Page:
Africa has recorded an average broadband speed of 100Kbps for the third quarter of 2012, way behind the global average speed by 1.4Mbps. Akamai State of the Internet 2012 report does not paint Africa broadband in a good light according to the figures I went through. It’s worth noting that Akamai now defines true broadband as 4 Mbps and no longer features anything less than 256 kbps which is still a common speed in Africa. Despite the increase in the average African broadband speed over the quarter only 1.5% of attack traffic emanated from Africa.The global average connection speed grew by 14% from last quarter, to 2.6 Mbps. Libya still has the slowest connection speed of any country according to the report while United Republic of Tanzania is one of the countries that experienced decline in average peak connection speed down to 5.1 Mbps. South Africa has 10 Mbps although adoption currently stands at 0.7%.Average mobile connection speeds listed were for the four largest African nations in terms of usage namely Egypt,Morocco, Nigeria, and South Africa.Average speeds range from 996 kbps in Morocco to 592 kbps in Egypt to 496 kbps in South Africa to 322 kbps in Nigeria.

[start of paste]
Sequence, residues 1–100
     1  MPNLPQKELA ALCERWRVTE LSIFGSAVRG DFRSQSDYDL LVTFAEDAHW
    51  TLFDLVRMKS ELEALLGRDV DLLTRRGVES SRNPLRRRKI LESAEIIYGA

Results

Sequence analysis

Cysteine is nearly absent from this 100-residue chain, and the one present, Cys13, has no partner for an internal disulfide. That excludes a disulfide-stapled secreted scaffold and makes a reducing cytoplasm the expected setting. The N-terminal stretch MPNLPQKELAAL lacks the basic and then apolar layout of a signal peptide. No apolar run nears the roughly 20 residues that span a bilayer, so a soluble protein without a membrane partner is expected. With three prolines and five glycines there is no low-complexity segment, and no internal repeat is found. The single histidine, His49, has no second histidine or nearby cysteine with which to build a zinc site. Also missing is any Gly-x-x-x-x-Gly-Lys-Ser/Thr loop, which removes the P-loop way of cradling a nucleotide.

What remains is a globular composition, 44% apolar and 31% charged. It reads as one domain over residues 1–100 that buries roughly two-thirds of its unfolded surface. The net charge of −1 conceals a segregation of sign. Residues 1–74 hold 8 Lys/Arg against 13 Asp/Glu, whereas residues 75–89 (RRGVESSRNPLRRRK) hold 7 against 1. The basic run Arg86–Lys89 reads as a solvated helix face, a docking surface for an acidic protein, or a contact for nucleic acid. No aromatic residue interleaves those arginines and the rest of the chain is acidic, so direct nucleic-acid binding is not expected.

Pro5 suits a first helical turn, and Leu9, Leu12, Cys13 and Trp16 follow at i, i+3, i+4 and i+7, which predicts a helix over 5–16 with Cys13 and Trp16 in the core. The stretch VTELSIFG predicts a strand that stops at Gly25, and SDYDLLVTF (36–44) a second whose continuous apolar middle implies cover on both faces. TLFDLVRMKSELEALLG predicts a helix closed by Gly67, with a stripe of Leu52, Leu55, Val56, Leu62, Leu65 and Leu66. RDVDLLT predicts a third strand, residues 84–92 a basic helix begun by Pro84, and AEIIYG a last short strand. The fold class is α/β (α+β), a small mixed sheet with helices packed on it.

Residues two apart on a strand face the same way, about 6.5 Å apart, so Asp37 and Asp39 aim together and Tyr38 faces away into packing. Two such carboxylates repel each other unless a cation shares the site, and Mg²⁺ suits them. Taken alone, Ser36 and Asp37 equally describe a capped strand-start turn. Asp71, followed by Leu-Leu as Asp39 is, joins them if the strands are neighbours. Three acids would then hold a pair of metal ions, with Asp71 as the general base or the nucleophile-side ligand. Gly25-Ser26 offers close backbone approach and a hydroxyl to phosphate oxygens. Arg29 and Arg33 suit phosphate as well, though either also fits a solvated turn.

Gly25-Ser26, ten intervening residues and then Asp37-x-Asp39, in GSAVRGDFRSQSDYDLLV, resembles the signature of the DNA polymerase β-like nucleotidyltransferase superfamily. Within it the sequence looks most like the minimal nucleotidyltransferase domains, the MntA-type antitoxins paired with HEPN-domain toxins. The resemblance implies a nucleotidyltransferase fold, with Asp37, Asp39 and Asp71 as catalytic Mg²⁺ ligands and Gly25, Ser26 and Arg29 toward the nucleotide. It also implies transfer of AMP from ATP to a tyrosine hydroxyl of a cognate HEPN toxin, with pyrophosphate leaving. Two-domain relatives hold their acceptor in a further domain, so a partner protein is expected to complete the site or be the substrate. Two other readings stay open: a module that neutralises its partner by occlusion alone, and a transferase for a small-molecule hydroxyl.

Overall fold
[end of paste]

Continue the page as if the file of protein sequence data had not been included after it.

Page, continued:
The global leader in connection speeds is held by South Korea, with 14.2Mbps compared to a country like Cote D’Ivoire with an average speed of 0.4Mbps which clearly shows disparity in broadband connectivity between first world countries and third world counterparts.Russia comes out ahead when it comes to mobile connection speeds, recording an average of 7.7Mbps.Handset traffic analysis reveals Android leading the pack, with 38 percent of all requests on mobile networks. Second place goes to iOS with 33 percent. The ailing Blackberry accounted for only 4 percent of traffic requests. When mobile and wifi are factored together iOS is responsible for 5 percent of traffic requests while Android comfortably outstrips iOS, at 32 percent.The data suggests Android is more often used on mobile networks in Africa while iOS is more frequently used for wi-fi connections although in minimal scale.The report took into account attack traffic emanating from 188 countries, an increase from 182 countries in the previous quarter.China is the number one country for exporting attacks, with 16 percent of all traffic.This is expected, however, given China’s size and the number of domestic Internet connections.In second place was the United States, with 12 percent and Turkey with 7.6 percent while Africa accounted for nothing.